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    ABSTRACT: Membrane proteins have become a major focus in structure prediction, due to their medical importance. There is, however, a lack of fast and reliable methods that specialise in the modelling of membrane protein loops. Often methods designed for soluble proteins are applied directly to membrane proteins. In this paper we investigate the validity of such an approach in the realm of fragment-based methods. We also examine the differences in membrane and soluble protein loops that might affect accuracy. We test our ability to predict soluble and membrane protein loops with the previously published method FREAD. We show that it is possible to predict accurately the structure of membrane protein loops using a database of membrane protein fragments (0.5-1Å median root mean square deviation). The presence of homologous proteins in the database helps prediction accuracy. However, even when homologues are removed better results are still achieved using fragments of membrane proteins (0.8-1.6Å) rather than soluble proteins (1-4Å) to model membrane protein loops. We find that many fragments of soluble proteins have shapes similar to their membrane protein counterparts but have very different sequences, however they do not appear to differ in their substitution patterns Our findings may allow further improvements to fragment-based loop modelling algorithms for membrane proteins. The current version of our proof-of-concept loop modelling protocol produces high accuracy loop models for membrane proteins and is available as a web server at http://medeller.info/fread. © Proteins 2013;. © 2013 Wiley Periodicals, Inc.
    No preview · Article · Feb 2014 · Proteins Structure Function and Bioinformatics
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    ABSTRACT: The evolution of proteins is one of the fundamental processes that has delivered the diversity and complexity of life we see around ourselves today. While we tend to define protein evolution in terms of sequence level mutations, insertions and deletions, it is hard to translate these processes to a more complete picture incorporating a polypeptide's structure and function. By considering how protein structures change over time we can gain an entirely new appreciation of their long-term evolutionary dynamics. In this work we seek to identify how populations of proteins at different stages of evolution explore their possible structure space. We use an annotation of superfamily age to this space and explore the relationship between these ages and a diverse set of properties pertaining to a superfamily's sequence, structure and function. We note several marked differences between the populations of newly evolved and ancient structures, such as in their length distributions, secondary structure content and tertiary packing arrangements. In particular, many of these differences suggest a less elaborate structure for newly evolved superfamilies when compared with their ancient counterparts. We show that the structural preferences we report are not a residual effect of a more fundamental relationship with function. Furthermore, we demonstrate the robustness of our results, using significant variation in the algorithm used to estimate the ages. We present these age estimates as a useful tool to analyse protein populations. In particularly, we apply this in a comparison of domains containing greek key or jelly roll motifs.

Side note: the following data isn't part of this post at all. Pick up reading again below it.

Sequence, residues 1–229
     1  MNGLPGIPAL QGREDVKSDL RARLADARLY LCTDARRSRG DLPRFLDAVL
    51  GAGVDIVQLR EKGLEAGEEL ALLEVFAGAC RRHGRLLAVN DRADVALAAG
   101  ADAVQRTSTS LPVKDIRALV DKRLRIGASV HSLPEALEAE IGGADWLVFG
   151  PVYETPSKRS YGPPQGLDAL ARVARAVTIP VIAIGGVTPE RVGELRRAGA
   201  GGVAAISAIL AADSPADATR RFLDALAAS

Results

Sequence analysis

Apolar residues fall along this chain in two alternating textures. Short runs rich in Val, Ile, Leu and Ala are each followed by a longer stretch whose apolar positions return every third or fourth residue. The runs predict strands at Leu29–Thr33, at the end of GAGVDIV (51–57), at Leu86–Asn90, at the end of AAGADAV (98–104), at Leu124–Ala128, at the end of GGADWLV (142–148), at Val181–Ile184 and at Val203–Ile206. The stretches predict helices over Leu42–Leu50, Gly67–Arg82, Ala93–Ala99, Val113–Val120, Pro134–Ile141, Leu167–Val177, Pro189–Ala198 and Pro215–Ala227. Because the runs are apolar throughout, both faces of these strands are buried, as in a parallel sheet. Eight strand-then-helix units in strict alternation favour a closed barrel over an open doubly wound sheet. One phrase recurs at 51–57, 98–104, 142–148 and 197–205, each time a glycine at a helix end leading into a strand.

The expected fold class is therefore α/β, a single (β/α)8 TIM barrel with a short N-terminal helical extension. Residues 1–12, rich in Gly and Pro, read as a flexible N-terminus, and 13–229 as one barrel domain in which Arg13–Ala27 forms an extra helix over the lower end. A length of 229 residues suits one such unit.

Full-text · Article · Nov 2013 · PLoS Computational Biology
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    ABSTRACT: High-throughput sequencing technologies produce short sequence reads that can contain phase information if they span two or more heterozygote genotypes. This information is not routinely used by current methods that infer haplotypes from genotype data. We have extended the SHAPEIT2 method to use phase-informative sequencing reads to improve phasing accuracy. Our model incorporates the read information in a probabilistic model through base quality scores within each read. The method is primarily designed for high-coverage sequence data or data sets that already have genotypes called. One important application is phasing of single samples sequenced at high coverage for use in medical sequencing and studies of rare diseases. Our method can also use existing panels of reference haplotypes. We tested the method by using a mother-father-child trio sequenced at high-coverage by Illumina together with the low-coverage sequence data from the 1000 Genomes Project (1000GP). We found that use of phase-informative reads increases the mean distance between switch errors by 22% from 274.4 kb to 328.6 kb. We also used male chromosome X haplotypes from the 1000GP samples to simulate sequencing reads with varying insert size, read length, and base error rate. When using short 100 bp paired-end reads, we found that using mixtures of insert sizes produced the best results. When using longer reads with high error rates (5-20 kb read with 4%-15% error per base), phasing performance was substantially improved.
    Preview · Article · Oct 2013 · The American Journal of Human Genetics
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